Please take a couple of minutes to enjoy this adorable Kevin Nalts production.  It will remind you why women stay busy with long lists of activities.  How else can fathers successfully instruct their progeny in new and ingenious ways to puncture perfectly functional membranes?
[Hat tip to Rabbi Shlomo Skinner and HIS insurer, Lisa]

May we share more happy pictures than sad ones.

Sunday, August 9, 2009

When I don't have time to write, I'll call Baila...

Yom rishon, 19 Av 5769.

I am busy doing some proof-reading for a friend just now; so there isn't much time to write.

Fortunately, there is a new edition of Haveil Havalim up at my friend Baila's place.  One of the delightful aspects of the "blogosphere" is that, after one writes for a while, and reads the writing of others, commenting on same, a kind of cyber-community forms.  And eventually, we begin to find out a few things about each other, just as in a less virtual community.  (Speaking of Haveil Havalim, for instance, I recently discovered that HH's founder, Soccer Dad, is also from Baltimore.  Now I just have to do a little more research to see if his wife and I ever "hung out.")

Over time, Baila has discovered that many bloggers are living right in her own newly-adopted home town.  (Baila also made aliyah about two years ago.)  Issue #229,  the Modi'in Edition, features the writing of Baila's neighbors in Modi'in, along with other interesting offerings from all over the Jewish cyberworld.

If you enjoy good writing, please look over this collection of interesting and eclectic opinions, information, news coverage, Torah and fun.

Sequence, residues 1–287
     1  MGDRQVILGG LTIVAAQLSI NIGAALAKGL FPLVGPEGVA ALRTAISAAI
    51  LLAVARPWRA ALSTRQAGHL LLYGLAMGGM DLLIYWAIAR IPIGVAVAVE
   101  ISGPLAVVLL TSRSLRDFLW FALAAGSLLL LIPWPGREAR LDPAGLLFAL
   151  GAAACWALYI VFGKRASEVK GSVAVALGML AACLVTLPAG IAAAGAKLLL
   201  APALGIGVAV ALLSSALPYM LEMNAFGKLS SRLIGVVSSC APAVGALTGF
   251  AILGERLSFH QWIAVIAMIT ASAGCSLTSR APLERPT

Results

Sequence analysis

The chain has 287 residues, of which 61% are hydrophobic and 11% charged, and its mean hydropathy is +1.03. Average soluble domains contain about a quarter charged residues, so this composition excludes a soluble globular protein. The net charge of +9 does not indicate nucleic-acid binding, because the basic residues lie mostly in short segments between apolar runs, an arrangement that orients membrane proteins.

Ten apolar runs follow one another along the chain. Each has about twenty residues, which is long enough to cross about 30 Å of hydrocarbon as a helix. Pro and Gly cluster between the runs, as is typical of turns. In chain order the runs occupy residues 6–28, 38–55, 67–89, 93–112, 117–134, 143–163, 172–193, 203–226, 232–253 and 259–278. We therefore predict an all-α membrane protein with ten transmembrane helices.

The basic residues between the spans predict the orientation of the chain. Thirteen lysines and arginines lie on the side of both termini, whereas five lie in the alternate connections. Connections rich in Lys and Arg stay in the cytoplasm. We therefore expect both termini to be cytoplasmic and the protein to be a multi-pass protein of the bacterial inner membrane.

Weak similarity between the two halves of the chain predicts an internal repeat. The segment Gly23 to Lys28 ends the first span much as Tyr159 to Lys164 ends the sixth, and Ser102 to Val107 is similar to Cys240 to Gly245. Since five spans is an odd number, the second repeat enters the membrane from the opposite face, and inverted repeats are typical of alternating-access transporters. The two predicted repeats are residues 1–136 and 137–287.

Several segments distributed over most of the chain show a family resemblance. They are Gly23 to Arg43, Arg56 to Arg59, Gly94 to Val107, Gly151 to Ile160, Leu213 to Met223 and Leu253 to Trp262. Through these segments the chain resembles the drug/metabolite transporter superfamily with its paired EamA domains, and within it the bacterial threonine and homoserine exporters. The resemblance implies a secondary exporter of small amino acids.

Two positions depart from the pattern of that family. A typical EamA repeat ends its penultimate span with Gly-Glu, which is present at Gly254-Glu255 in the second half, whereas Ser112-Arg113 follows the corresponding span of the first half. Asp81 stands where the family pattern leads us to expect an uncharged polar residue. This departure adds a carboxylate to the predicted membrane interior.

Looking forward to seeing blogger buddies in person again, and making new friends, at the Second Annual Jewish Bloggers Convention.

Wednesday, August 5, 2009

238 more reasons for dancing on Tu B'Av

Yom revi'i, 15 Av 5769.

After so much sadness, yesterday was a great way to prepare for the special joy of Tu B'Av.

"There were no holidays so joyous for the Jewish People as the Fifteenth of Av (and Yom Kippur) for on those days, daughters of Yerushalayim would go out dressed in white clothing and dance in the vineyards located on the outskirts of the city."  [Mishna, Masechet Taanit 4:8]

Another planeload of olim landed at Home, courtesy of Nefesh B'Nefesh, El Al, and the Jewish Agency.  It included 55 young people whose first goal in life is to strengthen the IDF with their vigor and idealism.  One of these is a young man who decided to leave West Point to fight for his People in his Land.

Among the olim were the head of the largest greeting card company in America, the head of epidemiology at Johns Hopkins, and a musician who backed up the likes of Bob Dylan, Janis Joplin, Miles Davis, Seals & Crofts, and the Doors.  We hope to be privileged to jam with him here in the yishuv, as rumor has it he has family here...

For folks back in the Old Country, Penina looks beautiful, the married Goetz daughter and baby look radiant.  Mrs. Colabella is of even greater regal bearing than in the past.  Israel will be richer and even holier, now that these precious Baltimore neshamot have arrived.

Welcome Home, dear family.  May we dance together through many joy-filled days in Yerushalayim ha'Bnuya!

To see great pictures of this event, check out Jacob Richman's always-amazing photos, as well as the extremely professional shots at the Nefesh B'Nefesh site.  Bring a box of tissues, if your heart swells with the thought of filling our holy Land with the Jewish people.